Thursday, July 22, 2010

Say You're One of Them...

Book Review: 'Say You're One of Them' (Abacus, 2008) by Uwem Akpan.

We make easy associations of images with the stereotypes and myths that have come to be a part of how we make sense of society. Social divisions, national identity or age have come to be markers of behaviour and the way we relate to each other. So when we think of childhood, we have at least some amount of sweet, fantastical memory attached to it. The memory of being a child certainly would have held some moments of pleasure. So it might come as a spoke in the movie reel to digest the idea that childhood is a commodity in Africa. And Uwem Akpan brings this idea to life in his bestselling book ‘Say You’re One of Them’.

Never have my notions of identity and society been as steeply challenged as they have been on reading this beautifully orchestrated telling of story, this compelling oratory. Because that is what a book like ‘Say You’re One of Them’ must be described as. The words don’t just sit there, lame, impotent as letters on a page might be expected to; they jump up at you and dare you to piece the puzzle together, they dare you to drink in the images that are revealed of Africa’s brutality towards the most innocent fruit of her womb. The children of Africa.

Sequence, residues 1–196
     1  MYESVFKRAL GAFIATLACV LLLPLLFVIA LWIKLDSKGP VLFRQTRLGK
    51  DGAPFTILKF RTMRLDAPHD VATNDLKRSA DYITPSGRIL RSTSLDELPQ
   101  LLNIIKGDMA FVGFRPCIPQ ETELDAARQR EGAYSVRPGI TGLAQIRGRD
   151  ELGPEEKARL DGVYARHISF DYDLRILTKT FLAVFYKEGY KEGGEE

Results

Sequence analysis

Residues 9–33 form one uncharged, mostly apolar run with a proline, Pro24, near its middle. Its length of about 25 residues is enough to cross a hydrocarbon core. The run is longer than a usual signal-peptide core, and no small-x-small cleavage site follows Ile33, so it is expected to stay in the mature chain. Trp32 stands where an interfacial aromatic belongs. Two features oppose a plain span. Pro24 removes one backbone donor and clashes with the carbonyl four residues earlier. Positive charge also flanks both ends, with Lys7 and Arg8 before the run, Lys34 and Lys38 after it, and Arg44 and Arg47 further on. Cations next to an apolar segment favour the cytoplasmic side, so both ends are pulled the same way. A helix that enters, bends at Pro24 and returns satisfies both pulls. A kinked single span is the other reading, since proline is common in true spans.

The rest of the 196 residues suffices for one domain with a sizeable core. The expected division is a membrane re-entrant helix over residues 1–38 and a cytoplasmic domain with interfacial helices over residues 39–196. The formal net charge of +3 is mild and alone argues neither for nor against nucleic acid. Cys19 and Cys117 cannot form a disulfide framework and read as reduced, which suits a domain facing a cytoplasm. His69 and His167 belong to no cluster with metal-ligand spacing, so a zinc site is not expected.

Akpans anthology of five stories take us on an armchair travel from Kenya to Benin, than onward through Ethiopia, Nigeria and finally, Rwanda. And along this journey, the reader is held at the edge of the armchair rather than calmly settled into it. The stories are striking in their detail. Akpan makes no apology for revealing to the sanitised reader what life in Africa demands of its children.

We continue to insist that greed and survival are two vastly different concepts, and yet when we are made to see how they collide and bring the face of humanity to commit up until now, unspeakably inhumane things, then we are forced to realise the reality of childhood in a continent weighed down by inequality, unrest and all things antithetical to a natural way of being.

Uwem Akpan reveals this as his intention early on, and with little effort. And his methods vary: in each of the stories he is able to bring to the narrative the flavour and tone of the original language, be they indigenous African languages or the tongue of the colonial French. He takes this method further in his display of language as beyond the realm of just words and geography.

From the outset, this tapestry of stories expects you to step into the bare feet of a small child. At that point, the dust is removed from in front of you and any evidence of childlike innocence torn from your soul. You have to get it at last: this is what it is to be a child in Africa.